Wharton Faculty in the Global Classroom

Wharton Professor Michael Useem

Bill Gates thinks that business and government can do more to help the world’s poor. In his plenary address at the World Economic Forum (WEF) in Davos, Switzerland in January, Gates offered his expanded version of corporate social responsibility, which would harness the self-interest of free markets to benefit the world’s neediest people. Gates calls his new idea “creative capitalism.” Listening to Gates that day were Wharton professors Howard Kunreuther and Michael Useem, who joined more than 2,000 of the world’s leading business and political figures at the 38th annual WEF meeting.

“This event has come to serve as one of globalization’s best classrooms,” said Useem. “For me and many others, Davos constitutes an unrivaled personal window into the global issues of the moment.” At the WEF, Useem moderated a session on “The Rising Influence of Minority Shareholders” and served on a panel about “The DNA of Effective Boards.” Kunreuther participated in three panels: “The Threats of Biotechnology,” “Global Risk,” and “Organizational Risk and Resiliency.”

Based on their seminal research at Wharton’s Risk Management and Decision Processes Center, Kunreuther and Erwann Michel-Kerjan, managing director of the Risk Center and a WEF Young Global Leader, along with Wharton professor Witold Henisz, were asked to develop risk scenarios for the WEF’s Global Risks Report 2008. This is the third consecutive WEF global risk report to which the Wharton Risk Center has contributed. “The WEF is interested in mitigating global risks—in preventing the domino effect of a catastrophic event,” says Kunreuther. “Because of interdependencies between nations and industries, catastrophic hazards are only going to get worse.”

Indeed, the Global Risks Report 2008 warned of the highest levels of political and economic uncertainty in a decade, expressing fears about a U.S. recession and its effect on world economies, the future security of the food supply, and concerns about energy supplies and the need for cleaner energy. For more information, see www.weforum.org.

New External Affairs Associate Dean

Ken Manotti, Wharton’s new associate dean of external affairs, brings extensive fundraising and alumni relations experience from Penn as well as other universities in the U.S. and abroad. Manotti initially came to Penn in 1978 as a coordinator in the Middle East Center. During his 14 years at the university, he held various positions including assistant director of the Wharton Applied Research Center, manager of operations for on-campus recruiting, director of development operations in Wharton External Affairs, associate director of alumni giving, director of 25th reunion programs, and director of development and corporate relations for the Joseph H. Lauder Institute. He left Penn in 1992 to join the development staff at Columbia University.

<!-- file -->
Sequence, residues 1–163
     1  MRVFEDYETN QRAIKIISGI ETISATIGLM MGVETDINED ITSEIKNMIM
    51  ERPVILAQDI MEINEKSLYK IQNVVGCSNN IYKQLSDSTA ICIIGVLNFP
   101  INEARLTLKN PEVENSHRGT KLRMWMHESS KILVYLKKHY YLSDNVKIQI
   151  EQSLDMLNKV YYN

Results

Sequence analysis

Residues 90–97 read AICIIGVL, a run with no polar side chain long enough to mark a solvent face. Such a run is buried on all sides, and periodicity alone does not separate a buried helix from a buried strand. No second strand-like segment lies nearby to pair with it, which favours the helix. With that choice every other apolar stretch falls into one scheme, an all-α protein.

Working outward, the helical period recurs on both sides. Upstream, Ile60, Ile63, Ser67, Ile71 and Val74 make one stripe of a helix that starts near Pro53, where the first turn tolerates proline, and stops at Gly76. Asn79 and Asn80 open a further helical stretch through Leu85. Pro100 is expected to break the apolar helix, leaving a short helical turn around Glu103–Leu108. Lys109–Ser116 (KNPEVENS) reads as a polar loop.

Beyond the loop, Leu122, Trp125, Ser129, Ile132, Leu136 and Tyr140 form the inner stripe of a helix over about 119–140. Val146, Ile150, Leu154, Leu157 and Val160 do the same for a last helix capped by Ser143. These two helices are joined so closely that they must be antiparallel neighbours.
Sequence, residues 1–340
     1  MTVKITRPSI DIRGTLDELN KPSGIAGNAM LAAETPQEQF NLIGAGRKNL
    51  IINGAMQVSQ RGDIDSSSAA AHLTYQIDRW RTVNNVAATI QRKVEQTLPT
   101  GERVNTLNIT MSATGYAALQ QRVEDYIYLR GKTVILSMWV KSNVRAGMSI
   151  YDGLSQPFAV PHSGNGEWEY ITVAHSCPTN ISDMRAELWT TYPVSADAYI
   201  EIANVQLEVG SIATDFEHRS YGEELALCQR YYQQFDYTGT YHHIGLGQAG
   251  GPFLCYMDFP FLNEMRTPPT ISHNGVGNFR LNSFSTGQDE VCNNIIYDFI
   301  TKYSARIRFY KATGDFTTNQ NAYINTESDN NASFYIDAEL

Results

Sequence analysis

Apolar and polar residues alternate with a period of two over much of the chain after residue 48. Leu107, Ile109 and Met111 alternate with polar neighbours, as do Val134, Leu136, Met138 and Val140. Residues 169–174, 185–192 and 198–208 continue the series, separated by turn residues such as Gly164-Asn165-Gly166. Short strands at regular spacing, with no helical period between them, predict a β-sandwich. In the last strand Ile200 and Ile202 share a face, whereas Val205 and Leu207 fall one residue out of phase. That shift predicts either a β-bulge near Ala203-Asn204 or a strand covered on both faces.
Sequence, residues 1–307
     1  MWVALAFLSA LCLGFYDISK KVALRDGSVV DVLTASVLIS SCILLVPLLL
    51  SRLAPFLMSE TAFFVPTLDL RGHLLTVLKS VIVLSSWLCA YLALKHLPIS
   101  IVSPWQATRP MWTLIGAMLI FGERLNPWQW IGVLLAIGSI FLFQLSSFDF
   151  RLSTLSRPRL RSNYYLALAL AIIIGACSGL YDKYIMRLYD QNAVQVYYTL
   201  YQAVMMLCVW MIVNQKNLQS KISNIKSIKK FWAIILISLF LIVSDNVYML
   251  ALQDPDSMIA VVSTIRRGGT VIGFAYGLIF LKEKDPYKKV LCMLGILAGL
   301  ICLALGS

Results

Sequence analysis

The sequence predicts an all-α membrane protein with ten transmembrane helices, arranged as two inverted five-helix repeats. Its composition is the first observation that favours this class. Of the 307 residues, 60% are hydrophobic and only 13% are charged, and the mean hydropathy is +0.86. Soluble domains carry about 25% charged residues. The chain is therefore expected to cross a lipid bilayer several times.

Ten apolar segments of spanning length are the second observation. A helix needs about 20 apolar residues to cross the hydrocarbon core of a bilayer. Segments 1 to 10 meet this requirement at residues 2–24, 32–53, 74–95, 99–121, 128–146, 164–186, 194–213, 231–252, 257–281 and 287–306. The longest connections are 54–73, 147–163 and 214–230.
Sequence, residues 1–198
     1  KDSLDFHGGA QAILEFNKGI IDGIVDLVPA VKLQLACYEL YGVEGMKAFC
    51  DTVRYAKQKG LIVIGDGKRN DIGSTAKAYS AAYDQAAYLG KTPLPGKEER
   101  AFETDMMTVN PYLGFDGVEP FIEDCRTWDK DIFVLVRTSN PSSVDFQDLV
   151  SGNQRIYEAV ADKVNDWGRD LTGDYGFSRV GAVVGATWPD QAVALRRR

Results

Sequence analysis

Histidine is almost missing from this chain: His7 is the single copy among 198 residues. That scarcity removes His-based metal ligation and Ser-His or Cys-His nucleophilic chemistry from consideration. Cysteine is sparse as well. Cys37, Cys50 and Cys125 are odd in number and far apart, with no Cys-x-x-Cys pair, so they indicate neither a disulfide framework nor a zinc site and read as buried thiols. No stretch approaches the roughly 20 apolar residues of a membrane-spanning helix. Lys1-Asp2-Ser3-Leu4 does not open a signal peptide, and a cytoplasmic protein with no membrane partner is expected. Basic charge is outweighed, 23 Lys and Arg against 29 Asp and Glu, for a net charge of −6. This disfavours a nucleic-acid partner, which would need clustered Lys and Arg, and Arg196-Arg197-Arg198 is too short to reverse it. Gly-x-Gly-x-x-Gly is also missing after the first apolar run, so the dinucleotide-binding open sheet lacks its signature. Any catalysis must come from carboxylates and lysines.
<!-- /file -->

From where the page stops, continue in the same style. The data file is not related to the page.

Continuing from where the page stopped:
During his tenure at Columbia, Manotti was part of a team that developed and implemented fundraising strategies for a $1-billion campaign. Most recently, he served as vice president of institutional advancement at the American University in Cairo, where he was responsible for leading a $100-million capital campaign, targeting donors in the United States, the Middle East, and Europe. Manotti holds a BA in English and political science with a concentration in Latin American studies from Dickinson College. In addition, he took graduate courses in international relations, Latin American relations, and Middle Eastern history and politics at Penn.

Wharton Leadership Conference Named a Top Executive Gathering

A top slate of influential speakers, from news analyst and White House advisor to four U.S. presidents David Gergen to American Express CEO Ken Chenault, will converge at Wharton this June for the 12th annual Wharton Leadership Conference. The June 18 event was cited in a recent Forbes.com article as the second most popular and beneficial executive-level “must-attend” event based on the number of all-star CEO speakers, second only to the Fortune Innovation/Fortune iMeme conference.

Wharton Professor Peter Cappelli

This year’s event—which will also include William Weldon, chair and CEO of Johnson & Johnson; Colleen C. Barrett, president and corporate secretary for Southwest Airlines; and Wharton professors Peter Cappelli and Michael Useem, among other high-level executives—focuses on “Emerging Trends in the Search for Leadership.” For more information or to register for the event, call 215.898.5605 or see http://leadershipconference.wharton.upenn.edu.

Siemens’ Loscher Speaks at Leadership Lecture

Peter Loscher openly acknowledges that his first and most difficult task after taking the job of CEO of global conglomerate Siemens AG last July was dealing with the aftermath of a scandal that included allegations of bribes to foreign governments and union leaders. During a recent Wharton Leadership Lecture Series talk, the 49-year-old talked about these and other challenges he faced as the first outsider to lead the 161-year-old engineering and health care giant.